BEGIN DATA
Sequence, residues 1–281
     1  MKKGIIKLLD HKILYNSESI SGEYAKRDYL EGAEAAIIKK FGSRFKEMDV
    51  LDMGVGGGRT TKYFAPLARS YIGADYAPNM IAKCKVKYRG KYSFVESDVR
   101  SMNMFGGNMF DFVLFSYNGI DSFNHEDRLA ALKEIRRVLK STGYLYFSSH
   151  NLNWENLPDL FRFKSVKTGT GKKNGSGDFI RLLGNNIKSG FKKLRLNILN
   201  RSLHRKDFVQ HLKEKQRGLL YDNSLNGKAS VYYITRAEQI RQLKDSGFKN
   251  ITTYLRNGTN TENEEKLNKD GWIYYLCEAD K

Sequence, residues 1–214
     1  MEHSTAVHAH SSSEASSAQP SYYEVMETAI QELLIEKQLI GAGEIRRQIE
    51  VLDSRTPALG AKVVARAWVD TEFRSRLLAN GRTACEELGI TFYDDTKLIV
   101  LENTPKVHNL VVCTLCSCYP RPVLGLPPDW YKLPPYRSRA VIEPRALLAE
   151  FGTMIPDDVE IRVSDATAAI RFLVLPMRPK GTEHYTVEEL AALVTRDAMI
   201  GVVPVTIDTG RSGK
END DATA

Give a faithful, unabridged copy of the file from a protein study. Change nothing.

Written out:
Sequence, residues 1–281
     1  MKKGIIKLLD HKILYNSESI SGEYAKRDYL EGAEAAIIKK FGSRFKEMDV
    51  LDMGVGGGRT TKYFAPLARS YIGADYAPNM IAKCKVKYRG KYSFVESDVR
   101  SMNMFGGNMF DFVLFSYNGI DSFNHEDRLA ALKEIRRVLK STGYLYFSSH
   151  NLNWENLPDL FRFKSVKTGT GKKNGSGDFI RLLGNNIKSG FKKLRLNILN
   201  RSLHRKDFVQ HLKEKQRGLL YDNSLNGKAS VYYITRAEQI RQLKDSGFKN
   251  ITTYLRNGTN TENEEKLNKD GWIYYLCEAD K

Sequence, residues 1–214
     1  MEHSTAVHAH SSSEASSAQP SYYEVMETAI QELLIEKQLI GAGEIRRQIE
    51  VLDSRTPALG AKVVARAWVD TEFRSRLLAN GRTACEELGI TFYDDTKLIV
   101  LENTPKVHNL VVCTLCSCYP RPVLGLPPDW YKLPPYRSRA VIEPRALLAE
   151  FGTMIPDDVE IRVSDATAAI RFLVLPMRPK GTEHYTVEEL AALVTRDAMI
   201  GVVPVTIDTG RSGK